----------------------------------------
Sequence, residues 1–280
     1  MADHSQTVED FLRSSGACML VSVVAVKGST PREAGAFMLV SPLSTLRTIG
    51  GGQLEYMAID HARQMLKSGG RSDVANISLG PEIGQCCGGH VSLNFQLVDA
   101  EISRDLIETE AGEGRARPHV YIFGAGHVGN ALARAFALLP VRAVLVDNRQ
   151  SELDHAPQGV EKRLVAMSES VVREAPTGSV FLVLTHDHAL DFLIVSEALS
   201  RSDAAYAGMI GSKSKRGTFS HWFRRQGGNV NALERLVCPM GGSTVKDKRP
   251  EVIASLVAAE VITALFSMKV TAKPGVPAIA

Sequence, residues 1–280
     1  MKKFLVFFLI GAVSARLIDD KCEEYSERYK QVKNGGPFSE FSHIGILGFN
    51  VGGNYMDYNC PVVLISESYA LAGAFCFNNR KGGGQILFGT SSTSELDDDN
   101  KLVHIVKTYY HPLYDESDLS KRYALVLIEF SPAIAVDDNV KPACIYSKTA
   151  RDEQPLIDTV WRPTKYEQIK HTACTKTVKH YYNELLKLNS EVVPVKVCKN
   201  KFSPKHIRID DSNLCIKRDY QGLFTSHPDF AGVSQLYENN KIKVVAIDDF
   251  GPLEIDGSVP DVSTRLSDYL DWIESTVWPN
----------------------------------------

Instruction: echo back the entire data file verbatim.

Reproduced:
Sequence, residues 1–280
     1  MADHSQTVED FLRSSGACML VSVVAVKGST PREAGAFMLV SPLSTLRTIG
    51  GGQLEYMAID HARQMLKSGG RSDVANISLG PEIGQCCGGH VSLNFQLVDA
   101  EISRDLIETE AGEGRARPHV YIFGAGHVGN ALARAFALLP VRAVLVDNRQ
   151  SELDHAPQGV EKRLVAMSES VVREAPTGSV FLVLTHDHAL DFLIVSEALS
   201  RSDAAYAGMI GSKSKRGTFS HWFRRQGGNV NALERLVCPM GGSTVKDKRP
   251  EVIASLVAAE VITALFSMKV TAKPGVPAIA

Sequence, residues 1–280
     1  MKKFLVFFLI GAVSARLIDD KCEEYSERYK QVKNGGPFSE FSHIGILGFN
    51  VGGNYMDYNC PVVLISESYA LAGAFCFNNR KGGGQILFGT SSTSELDDDN
   101  KLVHIVKTYY HPLYDESDLS KRYALVLIEF SPAIAVDDNV KPACIYSKTA
   151  RDEQPLIDTV WRPTKYEQIK HTACTKTVKH YYNELLKLNS EVVPVKVCKN
   201  KFSPKHIRID DSNLCIKRDY QGLFTSHPDF AGVSQLYENN KIKVVAIDDF
   251  GPLEIDGSVP DVSTRLSDYL DWIESTVWPN